French Possessive Pronouns
French possessive pronouns are used in place of nouns to indicate to whom or to what those nouns belong. In French, possessive pronouns vary in form depending on the gender and number of the noun they replace. The gender and number of the possessive pronoun must agree with the gender and number of the noun possessed, not that of the possessor.
A possessive pronoun dictates the possession of a noun without that noun being explicitly expressed in the sentence. In French, possessive pronouns translate to mine, yours, his/hers/its, ours, yours, or theirs. Take a Look at the following examples in English.
Yes, these keys are mine.
Stop looking for your wallet – I have yours!
That coat over there is hers.
Like nearly all other French grammar concepts, there are multiple variations of these possessive pronouns based on the gender and number of what is being possessed. In the sentences above, the spelling/form of mine, yours, and hers would depend on the items keys, wallet, and coat respectively. The following table lays out the possible forms of possessive pronouns.
|Masculine Singular||Feminine Singular||Masculine Plural||Feminine Plural|
|mine||le mien||la mienne||les miens||les miennes|
|yours (tu)||le tien||la tienne||les tiens||les tiennes|
|his/hers/its||le sien||la sienne||les siens||les siennes|
|ours||le nôtre||la nôtre||les nôtres||les nôtres|
|yours (vous)||le vôtre||la vôtre||les vôtres||les vôtres|
|theirs||le leur||la leur||les leurs||les leurs|
Mon frère a mon portable (m), donc je crie, “ce n’est pas le tien !”
My brother has my phone, so I shout, “That is not yours !”
In this example, yours refers to “phone.” Phone, or mon portable is a masculine singular noun, making le tien (ou le votre depending on who is getting talked to in the sentence) is a correct answer.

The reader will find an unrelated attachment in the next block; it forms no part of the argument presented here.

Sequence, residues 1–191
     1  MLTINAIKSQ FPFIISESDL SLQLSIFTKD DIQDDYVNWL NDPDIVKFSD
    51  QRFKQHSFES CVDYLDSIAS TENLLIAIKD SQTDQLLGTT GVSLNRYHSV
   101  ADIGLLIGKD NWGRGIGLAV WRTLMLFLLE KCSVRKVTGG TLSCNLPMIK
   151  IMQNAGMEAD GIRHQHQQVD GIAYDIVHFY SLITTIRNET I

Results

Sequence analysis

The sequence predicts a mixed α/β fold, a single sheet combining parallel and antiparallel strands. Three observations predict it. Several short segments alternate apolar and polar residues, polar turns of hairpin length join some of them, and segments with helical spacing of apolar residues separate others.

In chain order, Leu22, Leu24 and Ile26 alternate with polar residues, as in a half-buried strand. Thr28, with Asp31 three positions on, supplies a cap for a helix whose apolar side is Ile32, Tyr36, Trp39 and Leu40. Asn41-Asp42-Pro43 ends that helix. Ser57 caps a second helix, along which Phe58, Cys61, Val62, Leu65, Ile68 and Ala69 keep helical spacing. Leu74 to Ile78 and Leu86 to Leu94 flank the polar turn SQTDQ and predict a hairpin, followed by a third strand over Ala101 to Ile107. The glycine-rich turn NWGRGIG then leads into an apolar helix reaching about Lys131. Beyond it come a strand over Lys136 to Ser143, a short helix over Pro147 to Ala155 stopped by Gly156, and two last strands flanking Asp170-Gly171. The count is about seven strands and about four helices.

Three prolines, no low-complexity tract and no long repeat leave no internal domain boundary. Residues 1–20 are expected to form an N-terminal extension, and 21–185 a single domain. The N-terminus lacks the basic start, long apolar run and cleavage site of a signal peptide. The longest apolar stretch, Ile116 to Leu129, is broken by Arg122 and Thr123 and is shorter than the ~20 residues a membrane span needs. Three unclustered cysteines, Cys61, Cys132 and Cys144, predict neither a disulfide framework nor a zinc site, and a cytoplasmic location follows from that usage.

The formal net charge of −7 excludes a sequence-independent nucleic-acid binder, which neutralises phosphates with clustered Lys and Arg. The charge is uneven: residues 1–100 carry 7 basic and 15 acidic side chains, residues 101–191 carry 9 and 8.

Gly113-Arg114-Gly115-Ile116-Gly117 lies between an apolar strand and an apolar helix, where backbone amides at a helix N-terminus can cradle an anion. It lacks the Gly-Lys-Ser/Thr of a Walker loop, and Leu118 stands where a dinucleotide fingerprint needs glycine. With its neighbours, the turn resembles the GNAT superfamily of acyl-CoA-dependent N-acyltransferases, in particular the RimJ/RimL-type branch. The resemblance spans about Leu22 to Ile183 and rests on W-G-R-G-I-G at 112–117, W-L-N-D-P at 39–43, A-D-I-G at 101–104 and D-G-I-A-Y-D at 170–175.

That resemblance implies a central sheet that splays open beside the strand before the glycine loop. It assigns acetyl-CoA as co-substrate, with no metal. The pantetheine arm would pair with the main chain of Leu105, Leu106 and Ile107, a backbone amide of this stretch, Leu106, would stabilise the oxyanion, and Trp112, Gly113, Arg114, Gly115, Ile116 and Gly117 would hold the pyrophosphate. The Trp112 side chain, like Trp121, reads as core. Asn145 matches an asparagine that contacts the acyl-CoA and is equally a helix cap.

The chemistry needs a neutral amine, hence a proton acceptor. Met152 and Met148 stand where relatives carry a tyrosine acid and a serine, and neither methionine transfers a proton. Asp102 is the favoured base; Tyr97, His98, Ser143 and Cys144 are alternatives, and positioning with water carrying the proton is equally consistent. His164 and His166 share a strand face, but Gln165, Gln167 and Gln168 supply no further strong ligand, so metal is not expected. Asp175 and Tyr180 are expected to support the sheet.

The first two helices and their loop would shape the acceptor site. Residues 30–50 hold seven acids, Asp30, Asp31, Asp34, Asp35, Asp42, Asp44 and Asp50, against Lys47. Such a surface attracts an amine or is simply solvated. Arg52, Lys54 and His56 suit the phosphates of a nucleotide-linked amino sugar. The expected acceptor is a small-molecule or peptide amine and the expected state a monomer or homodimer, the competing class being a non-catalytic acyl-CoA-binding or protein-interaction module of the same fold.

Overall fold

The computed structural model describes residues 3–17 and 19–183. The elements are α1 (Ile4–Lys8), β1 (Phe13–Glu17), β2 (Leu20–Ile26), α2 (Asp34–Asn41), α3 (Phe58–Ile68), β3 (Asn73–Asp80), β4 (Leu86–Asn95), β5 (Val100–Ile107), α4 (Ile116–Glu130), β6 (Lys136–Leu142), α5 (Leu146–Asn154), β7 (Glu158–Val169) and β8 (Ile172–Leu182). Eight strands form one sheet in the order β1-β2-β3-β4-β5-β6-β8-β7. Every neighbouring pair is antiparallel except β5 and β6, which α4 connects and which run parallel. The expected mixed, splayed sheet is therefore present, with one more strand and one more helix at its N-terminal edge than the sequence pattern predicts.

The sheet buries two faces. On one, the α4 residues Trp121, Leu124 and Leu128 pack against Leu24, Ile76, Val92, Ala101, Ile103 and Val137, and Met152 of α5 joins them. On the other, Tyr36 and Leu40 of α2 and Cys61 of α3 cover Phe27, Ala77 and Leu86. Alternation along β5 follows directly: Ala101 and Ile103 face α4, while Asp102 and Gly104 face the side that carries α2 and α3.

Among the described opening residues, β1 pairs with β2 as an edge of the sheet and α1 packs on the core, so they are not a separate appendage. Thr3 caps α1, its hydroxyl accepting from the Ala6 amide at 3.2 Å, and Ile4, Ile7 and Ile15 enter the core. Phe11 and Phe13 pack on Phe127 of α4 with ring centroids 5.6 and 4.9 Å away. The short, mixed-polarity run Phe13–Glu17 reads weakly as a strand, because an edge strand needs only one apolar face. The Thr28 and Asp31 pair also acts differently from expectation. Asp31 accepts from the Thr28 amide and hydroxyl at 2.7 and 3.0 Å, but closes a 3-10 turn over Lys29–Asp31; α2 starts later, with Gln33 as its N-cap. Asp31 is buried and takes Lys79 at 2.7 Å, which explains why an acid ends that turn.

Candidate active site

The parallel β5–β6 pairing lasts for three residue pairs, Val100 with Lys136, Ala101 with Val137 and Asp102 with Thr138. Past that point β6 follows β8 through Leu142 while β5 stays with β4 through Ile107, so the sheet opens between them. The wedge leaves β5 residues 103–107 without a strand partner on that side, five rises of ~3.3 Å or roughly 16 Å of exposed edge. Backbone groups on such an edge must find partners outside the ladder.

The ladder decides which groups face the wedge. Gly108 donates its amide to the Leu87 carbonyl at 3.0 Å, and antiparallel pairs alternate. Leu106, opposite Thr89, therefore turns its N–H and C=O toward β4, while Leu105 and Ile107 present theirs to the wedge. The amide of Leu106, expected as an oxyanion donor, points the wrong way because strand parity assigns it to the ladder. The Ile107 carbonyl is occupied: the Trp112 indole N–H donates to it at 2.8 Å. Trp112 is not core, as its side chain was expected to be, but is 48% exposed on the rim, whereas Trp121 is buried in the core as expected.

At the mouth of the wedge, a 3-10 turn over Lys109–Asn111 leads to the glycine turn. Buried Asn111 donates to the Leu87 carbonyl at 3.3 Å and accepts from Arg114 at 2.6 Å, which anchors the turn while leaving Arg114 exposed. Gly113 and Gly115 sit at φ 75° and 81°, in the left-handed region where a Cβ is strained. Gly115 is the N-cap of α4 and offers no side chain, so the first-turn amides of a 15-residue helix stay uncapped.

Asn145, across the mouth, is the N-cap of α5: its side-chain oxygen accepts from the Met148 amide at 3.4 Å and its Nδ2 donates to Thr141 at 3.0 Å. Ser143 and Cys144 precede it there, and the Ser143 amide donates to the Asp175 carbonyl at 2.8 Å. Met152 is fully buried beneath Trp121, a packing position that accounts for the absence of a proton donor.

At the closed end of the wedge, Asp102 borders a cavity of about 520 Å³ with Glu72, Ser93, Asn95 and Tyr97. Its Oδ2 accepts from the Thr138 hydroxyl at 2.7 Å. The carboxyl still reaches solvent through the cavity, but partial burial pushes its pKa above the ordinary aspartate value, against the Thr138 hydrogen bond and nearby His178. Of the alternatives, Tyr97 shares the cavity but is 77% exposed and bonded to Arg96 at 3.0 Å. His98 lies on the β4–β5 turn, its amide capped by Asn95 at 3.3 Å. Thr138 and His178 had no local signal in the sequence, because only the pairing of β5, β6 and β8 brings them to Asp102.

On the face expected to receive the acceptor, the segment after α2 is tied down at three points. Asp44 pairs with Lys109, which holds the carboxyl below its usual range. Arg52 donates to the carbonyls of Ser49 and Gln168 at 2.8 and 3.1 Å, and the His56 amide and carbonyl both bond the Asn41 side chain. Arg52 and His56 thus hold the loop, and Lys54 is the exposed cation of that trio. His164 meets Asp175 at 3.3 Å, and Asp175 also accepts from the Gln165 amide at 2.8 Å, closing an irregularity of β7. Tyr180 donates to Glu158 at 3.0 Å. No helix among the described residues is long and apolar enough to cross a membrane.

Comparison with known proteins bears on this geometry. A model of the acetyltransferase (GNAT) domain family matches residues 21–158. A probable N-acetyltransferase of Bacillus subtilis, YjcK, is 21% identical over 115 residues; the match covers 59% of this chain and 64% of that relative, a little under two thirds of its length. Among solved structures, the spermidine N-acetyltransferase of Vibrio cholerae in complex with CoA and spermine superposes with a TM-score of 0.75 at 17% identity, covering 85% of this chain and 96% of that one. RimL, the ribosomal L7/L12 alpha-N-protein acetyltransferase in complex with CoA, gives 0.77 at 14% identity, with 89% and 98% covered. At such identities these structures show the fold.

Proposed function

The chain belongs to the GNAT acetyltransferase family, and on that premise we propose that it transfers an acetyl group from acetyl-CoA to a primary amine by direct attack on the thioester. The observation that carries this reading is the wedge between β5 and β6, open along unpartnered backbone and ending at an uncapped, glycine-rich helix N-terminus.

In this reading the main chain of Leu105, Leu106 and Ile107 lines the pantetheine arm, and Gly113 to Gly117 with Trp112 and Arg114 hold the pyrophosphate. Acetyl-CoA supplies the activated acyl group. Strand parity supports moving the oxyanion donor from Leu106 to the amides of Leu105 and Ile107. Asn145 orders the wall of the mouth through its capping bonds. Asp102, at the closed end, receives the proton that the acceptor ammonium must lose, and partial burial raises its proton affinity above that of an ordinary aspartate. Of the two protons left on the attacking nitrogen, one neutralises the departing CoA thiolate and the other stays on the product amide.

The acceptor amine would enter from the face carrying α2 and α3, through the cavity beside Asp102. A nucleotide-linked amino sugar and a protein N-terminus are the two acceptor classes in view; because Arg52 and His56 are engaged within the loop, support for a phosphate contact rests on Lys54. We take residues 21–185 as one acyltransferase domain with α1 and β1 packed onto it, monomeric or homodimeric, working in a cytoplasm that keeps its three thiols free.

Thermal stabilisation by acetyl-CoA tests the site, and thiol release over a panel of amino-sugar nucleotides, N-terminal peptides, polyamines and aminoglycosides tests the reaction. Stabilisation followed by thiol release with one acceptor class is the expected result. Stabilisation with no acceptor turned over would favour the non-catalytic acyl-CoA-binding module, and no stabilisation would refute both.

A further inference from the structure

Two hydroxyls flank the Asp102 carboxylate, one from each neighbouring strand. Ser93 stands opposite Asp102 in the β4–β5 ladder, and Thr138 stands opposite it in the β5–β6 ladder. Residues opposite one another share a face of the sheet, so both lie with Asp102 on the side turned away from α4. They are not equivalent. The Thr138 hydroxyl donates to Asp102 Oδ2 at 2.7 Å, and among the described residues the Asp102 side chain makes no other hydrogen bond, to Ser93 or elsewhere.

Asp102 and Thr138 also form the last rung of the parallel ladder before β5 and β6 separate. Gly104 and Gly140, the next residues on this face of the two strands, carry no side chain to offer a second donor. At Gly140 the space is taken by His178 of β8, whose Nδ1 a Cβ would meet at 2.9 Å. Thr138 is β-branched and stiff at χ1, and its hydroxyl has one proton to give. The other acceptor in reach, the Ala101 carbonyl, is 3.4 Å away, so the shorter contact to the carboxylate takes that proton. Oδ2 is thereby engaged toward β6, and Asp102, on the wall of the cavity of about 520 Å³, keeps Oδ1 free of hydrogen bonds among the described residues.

Le jardin (m) que vous voyez devant la maison est le nôtre.
The garden that you see in front of the house is ours.
In this example, oursrefers to “garden.” Garden, or le jardin is a masculine singular noun, making le nôtre a correct possessive adjective that could be used in the sentence.
Ne touchez pas les valises, elles sont les leurs.
Don’t touch the suitcases, they are theirs.
In this example, theirs refers to “suitcases.” Suitcases, or les valises is a feminine plural noun, making les leurs a correct possessive adjective that could be used in the sentence.
Notice how the definite article (le. la, les) of each change depending on the gender of the noun being replaced. Also notice how the possessive adjective for “ours,” “yours,” and “theirs” does not change between the mascuine and feminine singular forms like the others – only the definite article changes.
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Common European Framework of Reference for Languages
The CEFR is an international standard used to describe language ability. Here are specific details of the CEFR for this topic.